In separate critiques, Roman Catholic and Protestant leaders blasted President Bush's 2006 budget proposal, saying the most vulnerable Americans will suffer because of $214 billion cuts in domestic spending while wealthy citizens receive tax breaks.
"The prophets said God doesn't judge us on the eloquence of our preaching or the beauty of our sanctuaries," said ELCA Presiding Bishop Mark S. Hanson. "God will look at the condition of the poor in our midst and judge the quality of our faith. Based on this year's budget, God would find us guilty."
Hanson was joined in his critique by top officials of the Episcopal Church, the Presbyterian Church (U.S.A.), the United Methodist Church and the United Church of Christ.
The anti-hunger group, Bread for the World, headed by ELCA pastor David Beckmann, said the budget ?misses the mark? in caring for the poor.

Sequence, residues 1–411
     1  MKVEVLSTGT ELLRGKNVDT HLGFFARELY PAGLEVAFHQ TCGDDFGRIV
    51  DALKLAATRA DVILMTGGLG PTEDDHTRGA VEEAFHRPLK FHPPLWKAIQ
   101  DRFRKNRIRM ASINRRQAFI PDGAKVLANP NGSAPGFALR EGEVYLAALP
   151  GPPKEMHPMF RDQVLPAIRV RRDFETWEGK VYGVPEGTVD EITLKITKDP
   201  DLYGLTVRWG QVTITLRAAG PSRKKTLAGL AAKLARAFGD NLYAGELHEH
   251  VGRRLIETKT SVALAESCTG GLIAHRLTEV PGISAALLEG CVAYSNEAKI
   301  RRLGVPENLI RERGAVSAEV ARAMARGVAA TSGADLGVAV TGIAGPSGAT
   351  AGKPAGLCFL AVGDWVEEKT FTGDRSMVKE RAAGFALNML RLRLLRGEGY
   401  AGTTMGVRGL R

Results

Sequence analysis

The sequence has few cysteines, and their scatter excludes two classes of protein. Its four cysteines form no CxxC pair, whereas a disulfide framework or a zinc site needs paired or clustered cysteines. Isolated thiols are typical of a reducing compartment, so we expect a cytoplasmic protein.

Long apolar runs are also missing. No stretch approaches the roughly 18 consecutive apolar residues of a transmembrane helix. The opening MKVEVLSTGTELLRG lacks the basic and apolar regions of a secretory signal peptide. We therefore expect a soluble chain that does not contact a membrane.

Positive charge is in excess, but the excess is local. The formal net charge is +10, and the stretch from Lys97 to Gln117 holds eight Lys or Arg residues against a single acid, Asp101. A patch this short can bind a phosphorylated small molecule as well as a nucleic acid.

Specifically, the religious leaders pointed to budget changes that would remove 300,000 people from food stamps, cut child care for 300,000 children and reduce Medicaid (health coverage for low-income citizens) by $45 billion — while making permanent the tax cuts first approved in 2001. The Bush administration disputed the criticisms, saying the president doesn't want to cut Medicaid but to slow the growth in spending.The White House pointed to $7 billion in new spending for low-income housing, homeless programs and community health clinics.
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